Orthopaedic teams across North Wales region working differently to provide essential care
During the outbreak of COVID-19 Orthopaedic teams across the North Wales are working differently to ensure people still have access to the care they need.
Although elective surgery has been temporarily postponed, the Orthopaedic teams are still supporting patients in different ways, such as carrying out patient reviews over the telephone and continuing to carry out emergency trauma operations.
Plans have also been put in place to ensure care is still available for patients with musculoskeletal injuries.
Wrexham Maelor Hospital’s Orthopaedic team have created a one-stop Consultant led service within their department to support these types of patients.
Consultant Orthopaedic Surgeon and Trauma Lead, Mr David Barlow, said: “Early on during this pandemic we decided we needed to establish a service where patients can be seen quickly to reduce their time in the hospital, and also to reduce the pressure on our Emergency Department.
“We are now into our second month of running an efficient minor injuries service in our own department, as well as continuing with our normal trauma lists for our emergency patients.
“However, patients with a minor injury now come directly to us, rather than into the Emergency Department.
“We see a number of different injuries from cuts and bruises to more serious injuries which may require a small operation, which we can do in our Minor Operating Theatre within the department.
“Our priority was to prevent patients from waiting a long time to be seen for treatment and also the need for patients to return to hospital for a follow up appointment with a specialist. This service allows patients to be seen quicker and prevents many of them needing to return for further treatment.
“The teams involved include specialist surgeons, nurses, plaster technicians and physiotherapists to ensure we have cover available during 8am to midnight seven days a week, with our normal on call service continuing between those times, to provide the best possible care for our patients.”
At Ysbyty Gwynedd they are delivering a consultant delivered emergency service and also supporting their colleagues within nearby community hospitals.
Consultant Orthopaedic and Trauma Surgeon, Mr Agustin Soler, said: “At the start of the pandemic we knew we had to change the way we delivered our fracture clinics to minimise the patient footprint into the hospital.
“As well as running our regular on call service we now have an additional dedicated Consultant available between 8am – 5pm who can make the senior decisions on what care the patient needs. This can either prevent them from coming into hospital or reduce the need for them to come back for further treatment.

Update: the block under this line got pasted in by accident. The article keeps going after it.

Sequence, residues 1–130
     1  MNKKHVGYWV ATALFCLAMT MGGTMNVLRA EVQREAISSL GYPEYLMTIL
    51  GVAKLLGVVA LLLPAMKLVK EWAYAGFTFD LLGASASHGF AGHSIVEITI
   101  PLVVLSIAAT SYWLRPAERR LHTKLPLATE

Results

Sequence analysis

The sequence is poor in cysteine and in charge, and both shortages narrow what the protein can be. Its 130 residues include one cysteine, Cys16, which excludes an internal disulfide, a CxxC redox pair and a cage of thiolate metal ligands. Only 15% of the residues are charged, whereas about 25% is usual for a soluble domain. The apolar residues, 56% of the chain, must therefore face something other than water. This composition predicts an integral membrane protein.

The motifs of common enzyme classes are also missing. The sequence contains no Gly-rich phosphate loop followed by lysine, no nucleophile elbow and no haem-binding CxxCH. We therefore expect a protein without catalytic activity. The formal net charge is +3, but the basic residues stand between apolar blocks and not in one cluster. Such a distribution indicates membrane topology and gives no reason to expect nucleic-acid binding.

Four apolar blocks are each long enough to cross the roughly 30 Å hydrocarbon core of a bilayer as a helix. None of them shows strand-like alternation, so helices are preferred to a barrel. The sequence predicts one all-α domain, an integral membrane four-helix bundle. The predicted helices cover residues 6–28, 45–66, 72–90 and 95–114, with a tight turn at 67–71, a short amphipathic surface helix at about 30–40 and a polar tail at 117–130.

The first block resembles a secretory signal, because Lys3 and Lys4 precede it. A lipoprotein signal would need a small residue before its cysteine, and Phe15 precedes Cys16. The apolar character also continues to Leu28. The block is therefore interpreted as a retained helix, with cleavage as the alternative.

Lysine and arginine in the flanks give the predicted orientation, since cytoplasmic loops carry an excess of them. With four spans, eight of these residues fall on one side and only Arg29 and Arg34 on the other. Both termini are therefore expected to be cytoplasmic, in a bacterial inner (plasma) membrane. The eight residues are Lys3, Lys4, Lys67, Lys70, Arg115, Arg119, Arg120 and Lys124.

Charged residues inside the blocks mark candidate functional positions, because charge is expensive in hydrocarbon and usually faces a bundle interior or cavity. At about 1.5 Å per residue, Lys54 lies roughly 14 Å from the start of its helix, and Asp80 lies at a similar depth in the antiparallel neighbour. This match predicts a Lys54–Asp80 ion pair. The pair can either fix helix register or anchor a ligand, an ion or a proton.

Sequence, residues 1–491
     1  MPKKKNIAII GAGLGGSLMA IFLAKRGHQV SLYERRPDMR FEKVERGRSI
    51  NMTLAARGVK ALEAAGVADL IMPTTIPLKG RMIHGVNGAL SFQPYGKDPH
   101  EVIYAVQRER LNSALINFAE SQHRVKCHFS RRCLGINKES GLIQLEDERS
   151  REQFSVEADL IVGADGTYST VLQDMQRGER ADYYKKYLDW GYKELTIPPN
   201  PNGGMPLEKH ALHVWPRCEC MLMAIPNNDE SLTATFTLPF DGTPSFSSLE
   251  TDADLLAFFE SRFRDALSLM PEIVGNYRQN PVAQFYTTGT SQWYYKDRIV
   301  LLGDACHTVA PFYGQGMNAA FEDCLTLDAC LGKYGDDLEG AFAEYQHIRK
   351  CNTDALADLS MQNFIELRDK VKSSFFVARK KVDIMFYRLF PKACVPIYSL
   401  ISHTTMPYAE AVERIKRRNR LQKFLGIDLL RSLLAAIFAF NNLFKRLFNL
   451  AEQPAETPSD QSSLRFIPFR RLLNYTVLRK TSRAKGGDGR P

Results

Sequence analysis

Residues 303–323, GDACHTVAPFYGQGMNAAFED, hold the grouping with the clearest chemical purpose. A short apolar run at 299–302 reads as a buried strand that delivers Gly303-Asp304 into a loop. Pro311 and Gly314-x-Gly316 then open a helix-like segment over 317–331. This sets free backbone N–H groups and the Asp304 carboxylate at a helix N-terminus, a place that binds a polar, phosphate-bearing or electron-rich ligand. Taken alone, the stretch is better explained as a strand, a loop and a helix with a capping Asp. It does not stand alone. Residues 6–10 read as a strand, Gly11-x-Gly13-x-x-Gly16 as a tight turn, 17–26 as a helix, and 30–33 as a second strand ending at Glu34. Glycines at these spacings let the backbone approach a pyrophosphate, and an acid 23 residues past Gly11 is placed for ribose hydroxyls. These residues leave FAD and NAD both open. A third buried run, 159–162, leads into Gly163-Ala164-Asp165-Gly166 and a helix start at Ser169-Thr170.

“This has reduced the number of admissions and clinic appointments. Those who do need to be seen by a member of our specialist team are seen in a safe environment, treated and in some cases will need to return in a few weeks, depending on
“To adhere to social distancing guidelines we now see the patients adjacent to the Emergency Department, rather than the fracture clinic, which was an enclosed space and not suitable during these times.
“It has also been important to us to support our colleagues in the community and we are doing this by offering advice and support to staff in the Minor Injury Units who are seeing patients with injuries that can be treated locally, rather than in hospital.”
At Ysbyty Glan Clwyd a new temporary Surgical Emergency Department has been established at the front of the hospital.
Miss Louisa Banks, Trauma and Orthopaedic Consultant, said: “Due to our elective service being postponed, we decided to form a new department to keep our patients as safe as possible during this time.
“Rather than attend the Emergency Department, patients are now triaged and directed to the ideal person to deal with their injury within the large Surgical Emergency Department.
“We wanted to create a Consultant led service and maintain an environment that is as safe as possible for our patients, to reduce the risk from coronavirus and prevent recurrent and unnecessary visits to the hospital.
“The department has been working really well and other surgical teams such as the vascular, general, Ear Nose and Throat and Maxillofacial surgical teams have now moved into this area to see patients who require urgent treatment.”
Spotted something? Got a story? Send a Facebook Message | A direct message on Twitter | Email: News@Deeside.com